Hawaii & Alaska
via Wikimedia Commons

HI - How Honolulu's Resilience Office is fighting climate change

In January, Matthew Gonser was named chief resilience officer and executive director of the Office of Climate Change, Sustainability and Resiliency in Honolulu, Hawaii. His role involves leading the city's sustainability efforts under a new mayor and administration that took over in 2021.

"It's just so validating and satisfying," Gonser, who joined the office in 2017 and previously served as its coastal and water program manager, told Insider, describing his work with the office — especially when it comes to engaging the community. "There's a lot of challenges living in an island community in a globalized economy around affordability, access to food, equity across the electricity sector."

The Office of Climate Change, Sustainability and Resiliency was created by a city charter amendment that was approved by the public in 2016. Afterward, Honolulu was awarded a 100 Resilient Cities Initiative Grant by the Rockefeller Foundation.

The office was put in charge of tracking climate change and ensuring that Honolulu's infrastructure and residents are prepared. It serves in mostly a coordination and facilitation role, Gonser explained — helping with policy development and aligning city investments and projects with state and federal support.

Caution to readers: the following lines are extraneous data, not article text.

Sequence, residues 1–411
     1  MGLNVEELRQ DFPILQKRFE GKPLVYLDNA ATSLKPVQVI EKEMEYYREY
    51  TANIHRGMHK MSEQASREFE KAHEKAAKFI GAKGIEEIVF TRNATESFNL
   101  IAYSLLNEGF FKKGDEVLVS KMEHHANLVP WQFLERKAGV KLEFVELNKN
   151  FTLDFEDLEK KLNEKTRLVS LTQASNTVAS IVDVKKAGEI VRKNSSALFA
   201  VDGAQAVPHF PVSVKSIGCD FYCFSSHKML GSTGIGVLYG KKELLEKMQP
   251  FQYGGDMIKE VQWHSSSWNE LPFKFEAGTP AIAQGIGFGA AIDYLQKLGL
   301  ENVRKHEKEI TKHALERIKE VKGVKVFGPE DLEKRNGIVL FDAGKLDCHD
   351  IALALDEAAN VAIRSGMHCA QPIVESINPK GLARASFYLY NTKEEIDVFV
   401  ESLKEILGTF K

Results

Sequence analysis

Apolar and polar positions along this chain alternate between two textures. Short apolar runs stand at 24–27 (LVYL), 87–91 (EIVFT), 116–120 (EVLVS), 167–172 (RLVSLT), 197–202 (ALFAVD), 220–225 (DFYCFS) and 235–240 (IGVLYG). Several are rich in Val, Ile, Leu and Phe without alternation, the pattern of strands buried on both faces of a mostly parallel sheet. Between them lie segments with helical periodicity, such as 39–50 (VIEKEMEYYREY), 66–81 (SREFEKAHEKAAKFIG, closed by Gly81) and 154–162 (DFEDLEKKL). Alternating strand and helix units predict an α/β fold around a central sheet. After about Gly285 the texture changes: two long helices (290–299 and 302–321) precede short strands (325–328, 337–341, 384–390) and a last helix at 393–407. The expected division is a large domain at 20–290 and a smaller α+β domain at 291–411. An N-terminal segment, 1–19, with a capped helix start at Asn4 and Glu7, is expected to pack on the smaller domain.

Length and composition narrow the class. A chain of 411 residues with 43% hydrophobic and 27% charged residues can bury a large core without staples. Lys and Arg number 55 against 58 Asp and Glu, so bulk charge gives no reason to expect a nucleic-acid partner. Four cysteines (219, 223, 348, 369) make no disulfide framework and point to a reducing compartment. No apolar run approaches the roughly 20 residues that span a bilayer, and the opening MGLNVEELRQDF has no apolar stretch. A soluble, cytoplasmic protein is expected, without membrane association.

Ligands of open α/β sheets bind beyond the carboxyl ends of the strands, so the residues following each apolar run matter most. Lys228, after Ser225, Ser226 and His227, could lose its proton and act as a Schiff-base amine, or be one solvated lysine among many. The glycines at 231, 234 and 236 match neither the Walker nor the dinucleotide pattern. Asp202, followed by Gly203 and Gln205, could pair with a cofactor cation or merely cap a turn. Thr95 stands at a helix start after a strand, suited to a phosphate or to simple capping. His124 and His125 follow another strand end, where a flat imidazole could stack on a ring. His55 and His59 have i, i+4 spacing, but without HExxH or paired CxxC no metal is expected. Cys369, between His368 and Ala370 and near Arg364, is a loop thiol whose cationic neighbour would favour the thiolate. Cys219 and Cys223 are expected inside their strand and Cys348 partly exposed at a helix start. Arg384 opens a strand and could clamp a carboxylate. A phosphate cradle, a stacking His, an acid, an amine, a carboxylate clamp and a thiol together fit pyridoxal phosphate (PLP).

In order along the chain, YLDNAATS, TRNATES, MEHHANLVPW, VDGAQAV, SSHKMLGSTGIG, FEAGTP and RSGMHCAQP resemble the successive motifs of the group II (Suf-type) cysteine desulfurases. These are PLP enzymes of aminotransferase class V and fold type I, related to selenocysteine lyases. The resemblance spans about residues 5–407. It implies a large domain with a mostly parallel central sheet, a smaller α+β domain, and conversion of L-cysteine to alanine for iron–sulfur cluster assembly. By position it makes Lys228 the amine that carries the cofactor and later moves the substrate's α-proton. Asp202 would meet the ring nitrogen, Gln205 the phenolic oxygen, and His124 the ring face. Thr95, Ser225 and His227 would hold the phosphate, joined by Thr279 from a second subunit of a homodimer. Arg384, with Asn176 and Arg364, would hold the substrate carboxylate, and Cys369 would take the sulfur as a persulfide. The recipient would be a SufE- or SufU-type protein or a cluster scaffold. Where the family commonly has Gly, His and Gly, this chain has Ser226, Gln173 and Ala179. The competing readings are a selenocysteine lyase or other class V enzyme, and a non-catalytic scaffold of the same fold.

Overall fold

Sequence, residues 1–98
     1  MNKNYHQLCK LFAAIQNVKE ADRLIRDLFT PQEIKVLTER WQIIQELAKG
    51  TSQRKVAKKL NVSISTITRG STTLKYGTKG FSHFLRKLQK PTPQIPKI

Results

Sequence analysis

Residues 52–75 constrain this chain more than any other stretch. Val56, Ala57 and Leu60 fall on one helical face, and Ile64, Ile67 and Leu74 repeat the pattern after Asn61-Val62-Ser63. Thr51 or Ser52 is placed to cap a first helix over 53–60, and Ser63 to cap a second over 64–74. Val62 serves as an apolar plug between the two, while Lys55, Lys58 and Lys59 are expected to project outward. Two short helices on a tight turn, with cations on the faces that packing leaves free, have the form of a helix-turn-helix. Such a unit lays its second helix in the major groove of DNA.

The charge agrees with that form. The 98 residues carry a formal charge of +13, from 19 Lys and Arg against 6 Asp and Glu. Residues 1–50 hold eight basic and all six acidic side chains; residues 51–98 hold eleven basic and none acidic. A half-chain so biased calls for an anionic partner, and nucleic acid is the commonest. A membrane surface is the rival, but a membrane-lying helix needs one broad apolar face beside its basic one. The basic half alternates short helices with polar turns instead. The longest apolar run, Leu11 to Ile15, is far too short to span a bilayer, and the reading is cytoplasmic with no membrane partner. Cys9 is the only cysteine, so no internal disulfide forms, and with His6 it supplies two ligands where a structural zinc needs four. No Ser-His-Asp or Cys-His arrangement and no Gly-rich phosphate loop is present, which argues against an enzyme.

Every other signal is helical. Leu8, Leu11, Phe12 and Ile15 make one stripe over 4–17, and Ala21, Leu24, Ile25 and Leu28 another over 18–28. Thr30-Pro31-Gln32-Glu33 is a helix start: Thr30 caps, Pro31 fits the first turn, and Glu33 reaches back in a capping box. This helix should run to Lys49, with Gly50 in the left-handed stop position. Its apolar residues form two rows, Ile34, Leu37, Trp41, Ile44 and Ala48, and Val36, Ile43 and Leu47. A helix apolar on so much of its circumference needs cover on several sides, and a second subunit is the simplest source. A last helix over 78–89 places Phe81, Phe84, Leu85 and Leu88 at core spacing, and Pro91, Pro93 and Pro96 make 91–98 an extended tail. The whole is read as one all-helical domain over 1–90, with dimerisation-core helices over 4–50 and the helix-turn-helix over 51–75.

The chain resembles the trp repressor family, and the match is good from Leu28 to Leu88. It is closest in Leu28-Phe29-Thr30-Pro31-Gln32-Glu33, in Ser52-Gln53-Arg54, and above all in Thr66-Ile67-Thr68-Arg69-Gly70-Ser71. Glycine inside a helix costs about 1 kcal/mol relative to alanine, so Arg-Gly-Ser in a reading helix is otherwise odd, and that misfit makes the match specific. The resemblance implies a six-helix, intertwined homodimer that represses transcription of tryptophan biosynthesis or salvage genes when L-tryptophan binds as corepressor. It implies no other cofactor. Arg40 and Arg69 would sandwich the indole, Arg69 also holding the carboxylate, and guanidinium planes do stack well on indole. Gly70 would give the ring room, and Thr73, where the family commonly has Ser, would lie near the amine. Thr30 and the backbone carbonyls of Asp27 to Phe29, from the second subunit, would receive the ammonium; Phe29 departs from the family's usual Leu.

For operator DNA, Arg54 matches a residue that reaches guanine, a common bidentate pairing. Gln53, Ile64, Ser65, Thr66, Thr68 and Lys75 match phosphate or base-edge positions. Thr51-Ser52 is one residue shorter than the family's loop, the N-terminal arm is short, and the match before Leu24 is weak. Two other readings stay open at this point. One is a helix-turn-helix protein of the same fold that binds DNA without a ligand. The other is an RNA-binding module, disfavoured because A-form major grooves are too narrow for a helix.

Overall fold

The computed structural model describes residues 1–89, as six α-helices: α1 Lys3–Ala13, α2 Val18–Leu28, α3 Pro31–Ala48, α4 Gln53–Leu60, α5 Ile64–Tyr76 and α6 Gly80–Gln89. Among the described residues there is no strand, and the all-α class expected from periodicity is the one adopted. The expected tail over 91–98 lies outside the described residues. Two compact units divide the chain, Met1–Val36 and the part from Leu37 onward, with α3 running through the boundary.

A key part of the office's work also involves community outreach about climate change issues affecting Honolulu and the whole state of Hawaii and potential solutions.

The Resilience Office under Gonser has already made an impact: It's currently finalizing the Climate Action Plan, which will likely be adopted this year, and continuing to implement measures from its Resilience Strategy. Here's a look inside these initiatives.

A Resilience Strategy based on community input

One of the Resilience Office's key projects is the Oahu Resilience Strategy, which kicked off in 2017.

To develop the strategy, they went to the community — the island of Oahu, which is home to Honolulu County and the capital city and encompasses 33 neighborhood boards.

Gonser said they engaged these neighborhood boards to survey residents about their concerns about climate change and possible solutions for "climate shocks and climate stresses," such as hurricanes, infrastructure failure, and cost of living.

Read more.

Read more.